Abnormal ventricular activation in Wolff-Parkinson-White Syndrome (WPW) can be identified by echocardiography, but the effects of premature ventricular contractions have not been demonstrated. We examined motion of the interventricular septum (IVS) and left ventricular posterior wall (LVPW) by surface echocardiography in 12 awake dogs using a method developed and validated in our laboratory. Premature ventricular contractions (PVCs) were induced by right (RV) and left ventricular (LV) pacing (6 dogs), injection of dopamine (2 dogs) and phenylephrine (2 dogs), and posterior myocardial infarction (MI) caused by embolization of the circumflex coronary artery (2 dogs), and posterior myocardial infarction (MI) caused by embolization of the circumflex coronary artery (2 dogs). PVCs induced by RV and LV septa’ pacing showed early IVS systolic posterior motion beginning 40.0 msec (range 26-48 msec) after the pacing impulse, while LVPW showed normal motion beginning 78.8 msec (range 63-116 msec) after the pacing impulse and accompanied by decreased posterior IVS motion. PVCs induced by LVPW pacing demonstrated early LVPW systolic anterior motion beginning 43.3 msec (range 31-68 msec) after the pacing impulse, while IVS showed a normal motion which began 97.3 msec (range 76–130 msec) after the pacing impulse and was accompanied by reduced anterior motion of the LVPW. PVCs induced by dopamine and phenylephrine showed a similar echocardiographic pattern to RV and LV septal pacing, while PVCs induced by MI exhibited a pattern similar to LVPW pacing. This study demonstrates that early IVS or LVPW contraction can be demonstrated by echocardiogram, and also indicates where the site of early excitation after PVCs is.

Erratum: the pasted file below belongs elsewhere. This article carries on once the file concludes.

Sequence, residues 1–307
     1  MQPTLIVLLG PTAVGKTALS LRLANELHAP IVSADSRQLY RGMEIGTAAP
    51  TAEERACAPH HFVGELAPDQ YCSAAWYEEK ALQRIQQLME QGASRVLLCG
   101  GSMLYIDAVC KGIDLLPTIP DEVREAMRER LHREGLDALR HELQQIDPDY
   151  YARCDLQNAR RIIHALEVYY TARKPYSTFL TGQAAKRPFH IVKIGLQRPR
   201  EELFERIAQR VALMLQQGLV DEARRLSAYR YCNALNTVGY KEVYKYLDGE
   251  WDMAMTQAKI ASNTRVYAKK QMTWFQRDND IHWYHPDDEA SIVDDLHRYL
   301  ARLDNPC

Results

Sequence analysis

- Posterior wall of the left ventricle
- Premature ventricular contraction
- interventricular septum